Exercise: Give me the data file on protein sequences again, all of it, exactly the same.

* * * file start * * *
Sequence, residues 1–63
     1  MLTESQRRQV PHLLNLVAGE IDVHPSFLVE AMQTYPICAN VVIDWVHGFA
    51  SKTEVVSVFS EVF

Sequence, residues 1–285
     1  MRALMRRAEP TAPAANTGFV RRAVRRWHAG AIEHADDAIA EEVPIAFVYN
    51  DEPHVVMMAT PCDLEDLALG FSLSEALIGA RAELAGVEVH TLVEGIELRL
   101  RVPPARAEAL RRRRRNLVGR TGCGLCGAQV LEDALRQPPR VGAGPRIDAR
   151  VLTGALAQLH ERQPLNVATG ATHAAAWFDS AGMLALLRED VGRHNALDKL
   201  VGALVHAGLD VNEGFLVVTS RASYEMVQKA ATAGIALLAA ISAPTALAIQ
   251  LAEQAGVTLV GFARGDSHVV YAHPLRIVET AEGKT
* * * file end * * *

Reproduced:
Sequence, residues 1–63
     1  MLTESQRRQV PHLLNLVAGE IDVHPSFLVE AMQTYPICAN VVIDWVHGFA
    51  SKTEVVSVFS EVF

Sequence, residues 1–285
     1  MRALMRRAEP TAPAANTGFV RRAVRRWHAG AIEHADDAIA EEVPIAFVYN
    51  DEPHVVMMAT PCDLEDLALG FSLSEALIGA RAELAGVEVH TLVEGIELRL
   101  RVPPARAEAL RRRRRNLVGR TGCGLCGAQV LEDALRQPPR VGAGPRIDAR
   151  VLTGALAQLH ERQPLNVATG ATHAAAWFDS AGMLALLRED VGRHNALDKL
   201  VGALVHAGLD VNEGFLVVTS RASYEMVQKA ATAGIALLAA ISAPTALAIQ
   251  LAEQAGVTLV GFARGDSHVV YAHPLRIVET AEGKT